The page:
Sunday, October 31, 2010

Vibrant Dance Symposium

Opportunities for gracious, Christ honoring dialogue related to the intersection of science and Christian faith extended over three days last week in Austin, Texas. I was privileged to attend. The mission of “The Vibrant Dance of Faith and Science” symposium was to provide pastors, church leaders, scientists, and interested lay people with quality, accessible explanations of the relationship between science and Christianity.

Gathering the best minds together in a single venue offers an unparalleled opportunity for exchanging ideas in the crucible of a lively and respectful personal exchange. Participants were able to discover each other’s personal paths to faith as well as their reasons for embracing various locations along the faith/science interface.

Three main positions were represented by the invited speakers: (1) Concordism, (2) Intelligent Design, and (3) Theistic Evolution. Intelligent Design and Theistic Evolution are generally well understood. Randall Isaac, executive director of the American Scientific Affiliation (ASA), a diverse group of Christians in science professions, states that Concordism “seeks to equate the interpretation of biblical passages with scientific observations.”

Concordists were represented by Hugh Ross and Fazale Rana from Reasons to Believe. Intelligent Design proponents were Discovery Institute’s Stephen Meyer and William Dembski. Theistic evolutionists were represented by BioLogos Foundation president Darrel Falk and biophysicist/theologian Alister McGrath. There were at least twenty other well known scientists and theologians on the roster of speakers. Dinesh D’Souza spoke on a variety of related topics.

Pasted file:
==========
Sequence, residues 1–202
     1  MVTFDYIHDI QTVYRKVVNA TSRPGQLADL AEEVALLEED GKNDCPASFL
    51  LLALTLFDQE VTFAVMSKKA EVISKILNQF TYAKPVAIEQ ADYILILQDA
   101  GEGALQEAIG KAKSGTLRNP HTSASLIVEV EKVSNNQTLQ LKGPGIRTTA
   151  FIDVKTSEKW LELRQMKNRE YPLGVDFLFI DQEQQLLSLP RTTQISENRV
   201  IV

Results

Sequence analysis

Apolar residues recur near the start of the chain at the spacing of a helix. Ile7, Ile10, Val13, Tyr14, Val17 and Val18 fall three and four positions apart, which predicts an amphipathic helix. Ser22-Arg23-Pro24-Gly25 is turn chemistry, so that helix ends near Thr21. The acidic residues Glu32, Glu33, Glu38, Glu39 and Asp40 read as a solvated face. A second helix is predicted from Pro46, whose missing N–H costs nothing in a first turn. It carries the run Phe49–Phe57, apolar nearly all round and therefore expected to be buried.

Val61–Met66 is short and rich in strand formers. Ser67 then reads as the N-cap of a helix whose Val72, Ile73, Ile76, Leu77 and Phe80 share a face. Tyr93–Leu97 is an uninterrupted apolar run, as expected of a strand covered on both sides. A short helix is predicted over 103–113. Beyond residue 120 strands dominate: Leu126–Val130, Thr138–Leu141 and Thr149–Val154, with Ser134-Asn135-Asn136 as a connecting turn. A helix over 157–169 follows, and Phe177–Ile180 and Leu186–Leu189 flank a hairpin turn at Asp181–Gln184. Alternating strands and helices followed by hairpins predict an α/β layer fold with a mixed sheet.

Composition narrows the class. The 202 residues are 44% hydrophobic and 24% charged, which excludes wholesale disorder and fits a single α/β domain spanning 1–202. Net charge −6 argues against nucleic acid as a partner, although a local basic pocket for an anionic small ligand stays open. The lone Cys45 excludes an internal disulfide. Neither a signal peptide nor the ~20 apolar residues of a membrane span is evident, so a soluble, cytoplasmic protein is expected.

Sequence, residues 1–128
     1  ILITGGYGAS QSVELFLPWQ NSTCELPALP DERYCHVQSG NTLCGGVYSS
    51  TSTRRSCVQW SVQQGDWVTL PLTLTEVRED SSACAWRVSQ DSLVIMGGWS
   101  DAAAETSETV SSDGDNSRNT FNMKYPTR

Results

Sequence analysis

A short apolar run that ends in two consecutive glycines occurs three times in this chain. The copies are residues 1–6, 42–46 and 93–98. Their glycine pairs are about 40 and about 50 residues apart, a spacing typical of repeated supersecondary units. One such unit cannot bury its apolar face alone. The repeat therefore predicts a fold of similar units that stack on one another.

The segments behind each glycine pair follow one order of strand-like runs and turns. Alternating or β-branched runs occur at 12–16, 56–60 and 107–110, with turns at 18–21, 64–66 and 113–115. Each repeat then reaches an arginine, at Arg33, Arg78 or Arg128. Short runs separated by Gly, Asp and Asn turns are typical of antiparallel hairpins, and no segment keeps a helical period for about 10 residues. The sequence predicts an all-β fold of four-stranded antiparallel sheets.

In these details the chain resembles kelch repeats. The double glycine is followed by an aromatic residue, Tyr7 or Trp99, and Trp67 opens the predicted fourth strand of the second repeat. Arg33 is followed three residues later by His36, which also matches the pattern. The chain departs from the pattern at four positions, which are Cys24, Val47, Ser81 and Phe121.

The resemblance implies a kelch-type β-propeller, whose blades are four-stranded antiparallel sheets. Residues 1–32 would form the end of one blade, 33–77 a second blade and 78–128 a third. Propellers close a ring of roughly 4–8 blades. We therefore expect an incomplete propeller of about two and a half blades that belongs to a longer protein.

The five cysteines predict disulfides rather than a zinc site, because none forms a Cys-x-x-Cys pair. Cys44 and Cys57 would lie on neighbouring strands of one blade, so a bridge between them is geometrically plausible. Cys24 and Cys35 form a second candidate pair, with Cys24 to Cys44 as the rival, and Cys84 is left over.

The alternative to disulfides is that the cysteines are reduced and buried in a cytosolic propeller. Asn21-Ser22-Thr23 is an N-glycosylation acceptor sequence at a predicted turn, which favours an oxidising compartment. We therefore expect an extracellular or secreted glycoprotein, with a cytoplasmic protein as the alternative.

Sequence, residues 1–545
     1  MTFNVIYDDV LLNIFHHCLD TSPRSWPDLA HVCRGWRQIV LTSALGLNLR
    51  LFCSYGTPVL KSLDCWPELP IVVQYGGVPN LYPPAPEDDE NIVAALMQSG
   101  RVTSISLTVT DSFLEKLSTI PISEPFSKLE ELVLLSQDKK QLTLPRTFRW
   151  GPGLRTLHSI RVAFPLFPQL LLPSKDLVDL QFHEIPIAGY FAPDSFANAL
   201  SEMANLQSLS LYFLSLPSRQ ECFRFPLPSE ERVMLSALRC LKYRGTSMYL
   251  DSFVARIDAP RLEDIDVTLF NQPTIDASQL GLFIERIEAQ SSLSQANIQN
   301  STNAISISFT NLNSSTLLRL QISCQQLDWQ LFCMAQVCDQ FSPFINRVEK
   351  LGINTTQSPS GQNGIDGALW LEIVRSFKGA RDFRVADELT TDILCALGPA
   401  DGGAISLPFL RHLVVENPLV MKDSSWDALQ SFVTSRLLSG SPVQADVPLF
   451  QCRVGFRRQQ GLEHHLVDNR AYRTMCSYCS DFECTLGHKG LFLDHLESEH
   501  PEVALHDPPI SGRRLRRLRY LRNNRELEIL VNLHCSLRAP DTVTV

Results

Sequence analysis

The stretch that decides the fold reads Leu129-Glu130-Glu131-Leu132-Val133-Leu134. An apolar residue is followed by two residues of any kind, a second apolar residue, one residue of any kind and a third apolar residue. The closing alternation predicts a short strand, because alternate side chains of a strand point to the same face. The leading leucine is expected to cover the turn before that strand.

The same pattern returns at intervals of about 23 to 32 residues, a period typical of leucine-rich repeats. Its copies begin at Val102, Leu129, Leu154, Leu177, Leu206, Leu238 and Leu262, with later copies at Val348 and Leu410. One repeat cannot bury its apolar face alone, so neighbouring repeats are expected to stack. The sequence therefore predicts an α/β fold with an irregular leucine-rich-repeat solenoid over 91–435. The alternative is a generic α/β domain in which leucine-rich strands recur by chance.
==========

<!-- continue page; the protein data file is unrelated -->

I find myself generally in agreement with William Dembski who had stated last summer, “It’s perhaps unfortunate that no young-earth creationists were invited to this event. Young earth creationism is a very widely accepted position among conservative Christians, so by not inviting any of its proponents, any attempt at theological unification will accordingly be limited.” Perhaps symposium organizers sought to avoid rancorous exchanges which sometimes characterize discussions related to creation time scales. All symposium participants accepted the responsible findings of mainstream science with respect to the vast age of our earth and universe.

Old earth, Day-Age creationists and Intelligent Design advocates respectfully disagreed with the theistic evolutionists on how changes in earth life have occurred over the geologic timeline. The former groups see occasional creative, transcendent interventions within earth history. Theistic evolutionists tend to view such changes as naturalistic events occurring under divine providence.

My judgment is that the goal of achieving collegiality and respect for one another as members of the body of Christ was successfully fulfilled. In particular, personal testimonies offered by several presenters were well received. The speakers are gifted, articulate communicators. Our moving, collective worship sessions were enhanced by music and visuals which heightened our love and awe for the Creator and Sustainer of all things. The same Creator and Sustainer is also the Redeemer of mankind (Isaiah 54:5).